When winners of the Associated Press Media Editor (APME) Journalism Excellence Awards were announced earlier this month, “collaborative innovation” was a winning theme. The investigative journalism collaboration between the University of Wisconsin-Madison’s School of Journalism and Mass Communication and the Wisconsin Center for Investigative Journalism (WCIJ) was honored with the first ever Innovator of the Year for College Students award.
Investigating Big Stories Side by Side
Since 2009, the WCIJ and UW-Madison’s journalism school have worked together through both classroom support and paid internships to produce award-winning investigative reporting and train a new generation of investigative journalists. An independent non-partisan, non-governmental organization, the WCIJ has produced stories used by 200 news organizations nationwide, reaching an audience of more than 18 million people.
WCIJ is housed directly in the UW-Madison journalism school, providing a fertile environment for mutual learning and idea generation. Under the leadership of faculty members like Pulitzer Prize-winning professor Deborah Blum and professional staff from WCIJ, UW-Madison journalism students engage in major reporting projects, investigating important topics such as the frac sand mining surge in Wisconsin and the reality of human trafficking in the state. Students also tackled national issues in their report on the state of homeland security in the post-9/11 decade, which won first place at the 2012 Milwaukee Press Club awards.
New Techniques and Seasoned Experience
This collaboration also gives students the opportunity to explore new skills with the guidance of journalism veterans. Faculty members and WCIJ staff train students in computer-assisted reporting, mapping, data visualization, public records, interviewing, ethics, and non-profit journalism models.
“A [WCIJ] staff member works with the instructor and directly with the students in applying the most current techniques to real stories of public importance,” UW-Madison professor Jack Mitchell told me in an email interview. WCIJ staff offer their assistance the whole way, helping students put stories through an intensive fact-checking and editing system, prepping for publication to various outlets.
“This is a smart and innovative way for a journalism school to lead investigative reporting,” said the APME judges in a statement. The judges were Carol Hanner, managing editor of the Winston-Salem (N.C.) Journal, Chris Cobler, editor of the Victoria (Texas) Advocate, and Jim Simon, assistant managing editor of The Seattle Times.
Innovating as a Student Intern
Amy Karon completed a master’s degree in journalism at UW-Madison while working as a WCIJ intern and contributed to several high-impact reports along the way.
title=”This screenshot shows the data visualization work from UW-Madison and WCIJ’s Walker Calendar Files project.” />
WCIJ’s “collaboration with UW-Madison enabled me to complete a year-long reporting internship there that I found to be one of the most rewarding aspects of my journalism training,” Karon said via email. Karon helped WCIJ report, write, and produce an investigation on the gaps in student mental health services at 13 UW campuses. Her contributions included a detailed interactive map created with Google Maps and Google Fusion Tables.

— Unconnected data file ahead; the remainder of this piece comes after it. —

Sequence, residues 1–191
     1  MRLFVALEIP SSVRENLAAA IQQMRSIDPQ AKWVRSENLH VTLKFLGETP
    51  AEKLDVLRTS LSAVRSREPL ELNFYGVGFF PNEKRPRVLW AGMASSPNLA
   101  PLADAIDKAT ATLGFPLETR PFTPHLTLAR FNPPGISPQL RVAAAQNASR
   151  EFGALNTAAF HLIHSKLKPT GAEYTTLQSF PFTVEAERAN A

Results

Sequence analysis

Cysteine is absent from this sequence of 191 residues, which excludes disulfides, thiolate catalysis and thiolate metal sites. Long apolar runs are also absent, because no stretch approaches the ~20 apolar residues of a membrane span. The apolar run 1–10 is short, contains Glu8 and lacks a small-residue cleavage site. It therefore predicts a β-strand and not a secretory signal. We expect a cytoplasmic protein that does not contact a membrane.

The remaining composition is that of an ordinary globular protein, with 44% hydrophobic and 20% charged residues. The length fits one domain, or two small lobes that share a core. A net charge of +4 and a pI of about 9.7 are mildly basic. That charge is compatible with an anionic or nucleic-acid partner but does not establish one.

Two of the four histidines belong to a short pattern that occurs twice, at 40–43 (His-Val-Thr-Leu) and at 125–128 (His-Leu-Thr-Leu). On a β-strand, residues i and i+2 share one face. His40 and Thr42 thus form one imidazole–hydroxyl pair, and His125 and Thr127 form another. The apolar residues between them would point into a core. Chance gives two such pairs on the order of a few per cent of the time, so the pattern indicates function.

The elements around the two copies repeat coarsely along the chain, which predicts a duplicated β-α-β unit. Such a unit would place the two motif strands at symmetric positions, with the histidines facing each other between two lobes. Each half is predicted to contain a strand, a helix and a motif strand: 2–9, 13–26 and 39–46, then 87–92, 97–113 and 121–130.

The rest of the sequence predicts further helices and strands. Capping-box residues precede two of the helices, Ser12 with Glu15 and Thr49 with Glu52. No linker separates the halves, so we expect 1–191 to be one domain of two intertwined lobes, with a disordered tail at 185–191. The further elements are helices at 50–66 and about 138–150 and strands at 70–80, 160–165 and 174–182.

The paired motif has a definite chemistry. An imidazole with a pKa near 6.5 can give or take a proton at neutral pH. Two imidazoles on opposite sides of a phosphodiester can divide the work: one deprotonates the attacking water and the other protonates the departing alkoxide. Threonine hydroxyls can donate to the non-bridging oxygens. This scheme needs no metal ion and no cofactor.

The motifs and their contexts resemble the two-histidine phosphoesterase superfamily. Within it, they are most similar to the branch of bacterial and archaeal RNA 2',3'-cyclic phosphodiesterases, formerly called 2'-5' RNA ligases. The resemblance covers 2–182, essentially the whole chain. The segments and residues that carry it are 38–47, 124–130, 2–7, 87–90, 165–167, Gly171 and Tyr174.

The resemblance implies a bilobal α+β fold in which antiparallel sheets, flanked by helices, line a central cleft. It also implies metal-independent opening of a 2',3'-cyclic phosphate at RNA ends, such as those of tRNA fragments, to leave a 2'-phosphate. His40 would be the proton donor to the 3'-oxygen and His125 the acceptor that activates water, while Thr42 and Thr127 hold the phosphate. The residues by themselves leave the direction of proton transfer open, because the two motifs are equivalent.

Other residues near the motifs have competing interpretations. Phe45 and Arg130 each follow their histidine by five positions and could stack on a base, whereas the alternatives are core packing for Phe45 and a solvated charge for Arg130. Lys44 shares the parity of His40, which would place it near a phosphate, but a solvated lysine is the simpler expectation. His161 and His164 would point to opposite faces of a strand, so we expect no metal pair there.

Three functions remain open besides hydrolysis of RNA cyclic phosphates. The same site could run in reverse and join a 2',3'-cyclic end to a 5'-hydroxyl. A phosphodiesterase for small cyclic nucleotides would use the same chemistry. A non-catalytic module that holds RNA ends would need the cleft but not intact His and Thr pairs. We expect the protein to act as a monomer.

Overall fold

Karon and classmates also helped WCIJ produce the Walker Calendar Files project, which consisted of much computer-assisted analysis. In this process, they digitized files for analysis and created data visualizations probing how the Wisconsin governor responded to escalating efforts to recall him from office. The coverage was picked up by numerous Wisconsin outlets, iWatch News, and the Huffington Post.
Collaborative Innovation Catching On
The UW-Madison and WCIJ partnership was not the only college journalism collaboration honored at the AMPE Awards. The Center for Innovation in Media at Middle Tennessee State University received an honorable mention in the Innovator of the Year for College Students category for its own take on collaboration.
One semester ago, the Center for Innovation embraced a “converged newsroom” model in which student news managers and reporters gathered daily to discuss coverage and budget issues. As a result of this change, a new culture is already emerging and quickly fostering a more innovative environment. For the Center’s director, Stephan Foust, the most profound change involves the process of finding and developing content.
“In our old world, when student media organizations were in separate facilities and buildings, there was virtually no interaction among them,” Foust said in an email interview. “Because of understandable competitive instincts, a good story might initially remain an exclusive in the hands of one organization or another.”
The converged newsroom allows students to lend mutual support in the form of ideas, skills, respect, and a common goal. “With the converged newsroom in our Center for Innovation in Media, there are no silos or secrets,” Foust said.
As journalism’s fundamental principle remains seeking the truth, “no silos or secrets” sounds promising.
Jenny Xie is the PBS MediaShift editorial intern. Jenny is a rising senior at Massachusetts Institute of Technology studying architecture and management. She is a digital-media junkie fascinated by the intersection of media, design, and technology. Jenny can be found blogging for MIT Admissions, tweeting @canonind, and sharing her latest work and interests here.